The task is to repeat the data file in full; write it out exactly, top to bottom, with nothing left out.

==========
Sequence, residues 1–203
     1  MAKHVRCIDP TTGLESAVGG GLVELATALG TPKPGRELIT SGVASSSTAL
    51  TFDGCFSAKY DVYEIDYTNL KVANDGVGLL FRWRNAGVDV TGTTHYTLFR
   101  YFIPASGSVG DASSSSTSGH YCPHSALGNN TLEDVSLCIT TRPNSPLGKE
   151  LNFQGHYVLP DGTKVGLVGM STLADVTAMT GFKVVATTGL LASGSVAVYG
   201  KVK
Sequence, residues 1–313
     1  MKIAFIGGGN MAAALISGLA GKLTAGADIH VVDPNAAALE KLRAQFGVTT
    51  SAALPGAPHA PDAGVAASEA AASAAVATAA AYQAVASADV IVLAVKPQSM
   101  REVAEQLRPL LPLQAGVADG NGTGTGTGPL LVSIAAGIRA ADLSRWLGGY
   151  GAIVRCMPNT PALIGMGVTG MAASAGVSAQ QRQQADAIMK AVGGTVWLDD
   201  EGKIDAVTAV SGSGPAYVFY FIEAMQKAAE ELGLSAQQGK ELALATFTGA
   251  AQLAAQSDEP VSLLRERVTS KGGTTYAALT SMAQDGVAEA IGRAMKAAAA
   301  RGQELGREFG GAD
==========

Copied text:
Sequence, residues 1–203
     1  MAKHVRCIDP TTGLESAVGG GLVELATALG TPKPGRELIT SGVASSSTAL
    51  TFDGCFSAKY DVYEIDYTNL KVANDGVGLL FRWRNAGVDV TGTTHYTLFR
   101  YFIPASGSVG DASSSSTSGH YCPHSALGNN TLEDVSLCIT TRPNSPLGKE
   151  LNFQGHYVLP DGTKVGLVGM STLADVTAMT GFKVVATTGL LASGSVAVYG
   201  KVK
Sequence, residues 1–313
     1  MKIAFIGGGN MAAALISGLA GKLTAGADIH VVDPNAAALE KLRAQFGVTT
    51  SAALPGAPHA PDAGVAASEA AASAAVATAA AYQAVASADV IVLAVKPQSM
   101  REVAEQLRPL LPLQAGVADG NGTGTGTGPL LVSIAAGIRA ADLSRWLGGY
   151  GAIVRCMPNT PALIGMGVTG MAASAGVSAQ QRQQADAIMK AVGGTVWLDD
   201  EGKIDAVTAV SGSGPAYVFY FIEAMQKAAE ELGLSAQQGK ELALATFTGA
   251  AQLAAQSDEP VSLLRERVTS KGGTTYAALT SMAQDGVAEA IGRAMKAAAA
   301  RGQELGREFG GAD